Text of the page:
Common Name: Chusan palm, windmill palm
Origin/Ecology: Native to central and eastern China
Habit: Can grow to 20-40′ tall with a solitary trunk, shorter in colder climates (10′ or so).
Leaves: Large fan-shaped dark green leaves (to 3′ wide) push outward in all directions from top of trunk, on 2-3′ long petioles in a form resembling a windmill. Leaves are segmented about half way, with segment tips often drooping.
Leaf Arrangement: spiral
Flowers and Fruit: Attractive yellowish flowers in drooping panicles (to 2′ long) bloom in summer. fFemale flowers (plants are dioecious) give way to dark blue drupes, blueberry-sized, turning green to black by autumn. Seeds are rough-textured.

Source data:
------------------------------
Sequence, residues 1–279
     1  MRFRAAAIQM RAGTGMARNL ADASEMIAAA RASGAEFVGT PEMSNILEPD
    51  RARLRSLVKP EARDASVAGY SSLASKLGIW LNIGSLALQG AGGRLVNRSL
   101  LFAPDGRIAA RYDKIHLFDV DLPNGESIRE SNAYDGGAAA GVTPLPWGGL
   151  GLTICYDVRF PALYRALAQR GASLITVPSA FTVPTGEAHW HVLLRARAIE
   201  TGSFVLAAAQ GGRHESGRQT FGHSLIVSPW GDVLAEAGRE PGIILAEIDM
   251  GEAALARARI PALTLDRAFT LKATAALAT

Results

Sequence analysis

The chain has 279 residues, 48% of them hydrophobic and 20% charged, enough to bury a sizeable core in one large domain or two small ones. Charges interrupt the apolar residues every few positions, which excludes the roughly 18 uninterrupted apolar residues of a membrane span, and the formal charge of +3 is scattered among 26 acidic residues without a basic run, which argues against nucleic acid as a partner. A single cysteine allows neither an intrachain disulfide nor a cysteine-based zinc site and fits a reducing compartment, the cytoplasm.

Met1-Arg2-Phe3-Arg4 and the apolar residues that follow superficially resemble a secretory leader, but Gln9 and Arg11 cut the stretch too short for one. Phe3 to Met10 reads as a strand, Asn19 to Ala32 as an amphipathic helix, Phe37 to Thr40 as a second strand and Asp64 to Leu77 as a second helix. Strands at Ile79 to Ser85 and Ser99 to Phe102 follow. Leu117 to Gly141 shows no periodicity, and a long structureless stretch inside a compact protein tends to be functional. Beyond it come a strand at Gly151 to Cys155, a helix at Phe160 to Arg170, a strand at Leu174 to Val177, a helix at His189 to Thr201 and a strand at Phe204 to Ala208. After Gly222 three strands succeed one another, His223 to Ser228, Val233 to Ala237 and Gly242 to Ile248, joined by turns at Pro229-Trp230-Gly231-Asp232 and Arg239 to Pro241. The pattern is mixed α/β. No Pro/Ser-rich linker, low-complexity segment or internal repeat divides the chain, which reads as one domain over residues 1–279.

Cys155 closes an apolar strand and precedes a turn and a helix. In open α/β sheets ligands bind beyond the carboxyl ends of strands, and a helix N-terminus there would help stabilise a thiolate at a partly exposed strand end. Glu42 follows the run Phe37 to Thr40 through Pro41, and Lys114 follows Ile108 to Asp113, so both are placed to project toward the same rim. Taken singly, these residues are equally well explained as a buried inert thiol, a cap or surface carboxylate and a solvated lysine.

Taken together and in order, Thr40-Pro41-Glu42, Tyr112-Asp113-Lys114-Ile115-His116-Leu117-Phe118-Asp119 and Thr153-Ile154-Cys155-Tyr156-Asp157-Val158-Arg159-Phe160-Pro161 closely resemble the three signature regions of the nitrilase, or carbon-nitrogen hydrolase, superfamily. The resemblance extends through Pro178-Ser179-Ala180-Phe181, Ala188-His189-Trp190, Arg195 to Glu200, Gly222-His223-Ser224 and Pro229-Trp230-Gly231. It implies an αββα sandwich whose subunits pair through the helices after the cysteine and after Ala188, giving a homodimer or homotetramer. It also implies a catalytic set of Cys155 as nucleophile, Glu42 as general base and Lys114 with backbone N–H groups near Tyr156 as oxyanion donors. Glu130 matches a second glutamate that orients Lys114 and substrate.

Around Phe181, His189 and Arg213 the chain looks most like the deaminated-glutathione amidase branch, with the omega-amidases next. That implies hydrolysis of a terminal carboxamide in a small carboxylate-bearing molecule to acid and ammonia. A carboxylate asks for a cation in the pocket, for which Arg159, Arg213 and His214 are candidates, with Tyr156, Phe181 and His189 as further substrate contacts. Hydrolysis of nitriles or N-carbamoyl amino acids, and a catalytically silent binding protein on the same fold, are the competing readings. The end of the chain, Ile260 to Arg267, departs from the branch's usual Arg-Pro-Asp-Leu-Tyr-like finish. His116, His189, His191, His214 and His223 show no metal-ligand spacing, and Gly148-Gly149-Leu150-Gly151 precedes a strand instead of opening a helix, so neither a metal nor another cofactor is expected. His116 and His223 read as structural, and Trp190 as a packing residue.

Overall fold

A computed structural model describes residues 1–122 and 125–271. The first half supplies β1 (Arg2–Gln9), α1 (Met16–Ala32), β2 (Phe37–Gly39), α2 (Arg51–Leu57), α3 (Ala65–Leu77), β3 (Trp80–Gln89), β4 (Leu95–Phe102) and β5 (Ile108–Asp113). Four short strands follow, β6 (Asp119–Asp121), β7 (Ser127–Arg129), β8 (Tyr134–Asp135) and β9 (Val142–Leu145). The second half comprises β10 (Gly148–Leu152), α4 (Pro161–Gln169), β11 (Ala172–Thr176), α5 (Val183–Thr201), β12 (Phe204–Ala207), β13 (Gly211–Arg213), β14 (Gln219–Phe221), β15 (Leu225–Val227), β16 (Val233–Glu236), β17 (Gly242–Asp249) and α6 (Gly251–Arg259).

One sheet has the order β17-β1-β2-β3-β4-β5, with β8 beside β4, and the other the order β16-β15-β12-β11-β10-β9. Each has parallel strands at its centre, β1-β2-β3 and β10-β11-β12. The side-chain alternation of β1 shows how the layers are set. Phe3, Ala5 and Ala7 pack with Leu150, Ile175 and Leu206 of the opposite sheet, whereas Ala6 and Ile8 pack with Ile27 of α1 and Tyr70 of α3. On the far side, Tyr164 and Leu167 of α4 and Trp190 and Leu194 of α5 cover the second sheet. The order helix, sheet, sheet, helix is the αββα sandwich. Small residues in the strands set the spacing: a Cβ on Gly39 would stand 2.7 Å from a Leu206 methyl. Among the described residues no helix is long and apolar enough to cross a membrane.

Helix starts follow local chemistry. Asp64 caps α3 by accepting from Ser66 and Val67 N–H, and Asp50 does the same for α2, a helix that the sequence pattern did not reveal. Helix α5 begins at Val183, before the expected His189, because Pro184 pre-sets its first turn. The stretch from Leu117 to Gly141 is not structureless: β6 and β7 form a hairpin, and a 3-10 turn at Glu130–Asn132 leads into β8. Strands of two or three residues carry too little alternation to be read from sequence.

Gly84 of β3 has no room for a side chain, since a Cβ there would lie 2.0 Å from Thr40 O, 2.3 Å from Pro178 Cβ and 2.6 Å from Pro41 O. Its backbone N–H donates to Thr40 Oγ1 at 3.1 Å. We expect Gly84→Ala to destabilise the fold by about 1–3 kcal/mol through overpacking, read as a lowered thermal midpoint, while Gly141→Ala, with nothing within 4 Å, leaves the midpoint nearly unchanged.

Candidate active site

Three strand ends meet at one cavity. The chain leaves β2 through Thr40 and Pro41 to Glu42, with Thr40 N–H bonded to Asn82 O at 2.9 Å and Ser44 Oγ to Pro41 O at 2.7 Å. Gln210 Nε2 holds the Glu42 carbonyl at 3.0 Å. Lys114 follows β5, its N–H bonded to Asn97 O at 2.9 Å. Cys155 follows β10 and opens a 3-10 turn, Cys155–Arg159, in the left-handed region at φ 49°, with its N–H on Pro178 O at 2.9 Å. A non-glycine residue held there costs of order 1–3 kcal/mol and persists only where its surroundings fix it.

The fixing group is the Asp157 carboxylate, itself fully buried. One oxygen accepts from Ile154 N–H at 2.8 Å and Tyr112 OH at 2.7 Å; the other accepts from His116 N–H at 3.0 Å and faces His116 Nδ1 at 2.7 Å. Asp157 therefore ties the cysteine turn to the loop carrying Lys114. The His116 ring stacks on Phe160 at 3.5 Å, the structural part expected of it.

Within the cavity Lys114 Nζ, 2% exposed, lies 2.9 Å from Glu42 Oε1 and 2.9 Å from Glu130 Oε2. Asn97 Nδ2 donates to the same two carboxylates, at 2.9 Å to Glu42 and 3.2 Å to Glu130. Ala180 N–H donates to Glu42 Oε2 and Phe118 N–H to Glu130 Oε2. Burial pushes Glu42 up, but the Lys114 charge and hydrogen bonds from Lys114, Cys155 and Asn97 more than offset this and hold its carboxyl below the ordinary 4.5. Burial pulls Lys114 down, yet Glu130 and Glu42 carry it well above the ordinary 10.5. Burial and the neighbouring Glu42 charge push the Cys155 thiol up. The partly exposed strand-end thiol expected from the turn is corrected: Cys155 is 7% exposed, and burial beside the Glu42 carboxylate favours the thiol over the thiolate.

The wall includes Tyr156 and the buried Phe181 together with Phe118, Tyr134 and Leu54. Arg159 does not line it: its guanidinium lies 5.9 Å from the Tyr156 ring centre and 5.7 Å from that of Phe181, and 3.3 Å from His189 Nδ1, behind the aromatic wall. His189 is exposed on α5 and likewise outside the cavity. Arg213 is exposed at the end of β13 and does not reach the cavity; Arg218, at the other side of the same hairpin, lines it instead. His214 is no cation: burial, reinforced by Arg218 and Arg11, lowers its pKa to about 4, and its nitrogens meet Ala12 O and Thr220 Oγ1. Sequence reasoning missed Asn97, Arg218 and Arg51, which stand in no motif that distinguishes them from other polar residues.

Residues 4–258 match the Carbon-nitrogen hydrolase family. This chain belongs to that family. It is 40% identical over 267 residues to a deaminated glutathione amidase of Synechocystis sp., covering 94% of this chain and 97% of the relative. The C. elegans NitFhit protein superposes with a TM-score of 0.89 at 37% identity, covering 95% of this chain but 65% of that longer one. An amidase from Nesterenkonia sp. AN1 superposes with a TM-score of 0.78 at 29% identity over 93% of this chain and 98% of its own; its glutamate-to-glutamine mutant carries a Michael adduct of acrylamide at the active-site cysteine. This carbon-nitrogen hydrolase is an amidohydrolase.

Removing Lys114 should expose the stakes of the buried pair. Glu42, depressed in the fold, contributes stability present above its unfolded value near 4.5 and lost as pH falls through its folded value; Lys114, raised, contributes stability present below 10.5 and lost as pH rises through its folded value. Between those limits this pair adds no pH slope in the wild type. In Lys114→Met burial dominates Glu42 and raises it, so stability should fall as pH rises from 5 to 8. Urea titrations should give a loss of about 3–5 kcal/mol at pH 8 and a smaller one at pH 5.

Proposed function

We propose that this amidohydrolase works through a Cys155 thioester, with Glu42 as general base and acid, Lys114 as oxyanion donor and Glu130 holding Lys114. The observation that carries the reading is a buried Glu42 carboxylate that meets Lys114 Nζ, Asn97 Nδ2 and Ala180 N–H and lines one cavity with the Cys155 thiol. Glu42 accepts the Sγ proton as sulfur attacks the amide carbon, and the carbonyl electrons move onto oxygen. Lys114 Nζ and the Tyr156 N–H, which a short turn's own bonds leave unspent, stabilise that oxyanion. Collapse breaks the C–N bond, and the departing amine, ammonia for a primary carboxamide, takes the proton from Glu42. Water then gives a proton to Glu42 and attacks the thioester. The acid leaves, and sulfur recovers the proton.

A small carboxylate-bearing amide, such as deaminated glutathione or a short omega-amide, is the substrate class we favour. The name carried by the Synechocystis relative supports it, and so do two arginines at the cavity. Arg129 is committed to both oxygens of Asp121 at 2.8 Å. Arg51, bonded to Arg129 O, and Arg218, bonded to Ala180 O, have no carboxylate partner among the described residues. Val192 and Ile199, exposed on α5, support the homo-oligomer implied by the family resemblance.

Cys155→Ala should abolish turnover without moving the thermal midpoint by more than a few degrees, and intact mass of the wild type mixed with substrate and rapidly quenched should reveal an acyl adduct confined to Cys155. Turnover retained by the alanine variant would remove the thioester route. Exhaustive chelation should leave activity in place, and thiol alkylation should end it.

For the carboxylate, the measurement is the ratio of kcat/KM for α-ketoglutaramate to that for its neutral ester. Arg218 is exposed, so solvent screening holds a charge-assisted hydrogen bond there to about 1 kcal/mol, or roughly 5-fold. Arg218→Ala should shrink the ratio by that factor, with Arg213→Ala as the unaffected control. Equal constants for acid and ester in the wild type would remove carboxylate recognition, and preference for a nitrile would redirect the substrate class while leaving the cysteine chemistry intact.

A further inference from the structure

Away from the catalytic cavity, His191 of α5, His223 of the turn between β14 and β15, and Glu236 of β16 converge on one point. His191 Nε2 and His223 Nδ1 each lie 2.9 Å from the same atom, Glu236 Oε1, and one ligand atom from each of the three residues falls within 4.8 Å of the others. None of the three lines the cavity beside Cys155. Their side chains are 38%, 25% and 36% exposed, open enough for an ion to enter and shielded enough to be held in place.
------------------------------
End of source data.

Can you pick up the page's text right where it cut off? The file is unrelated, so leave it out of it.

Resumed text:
Bark: Trunk densely covered with hair-like fibers from old leaf sheaths.
Water Use, Soil: Well-drained.
Exposure: Requires some protection from cold, drying winter winds, only hardy to about -20C, but hardiest of all palms. Needs sun.
Landscape Uses: Specimen, small groups, framing entrances, winter interest.
Other Features: Number and size of retained leaves and stiffness of petioles is an indication of age and health. Named for Scottish botanist Robert Fortune.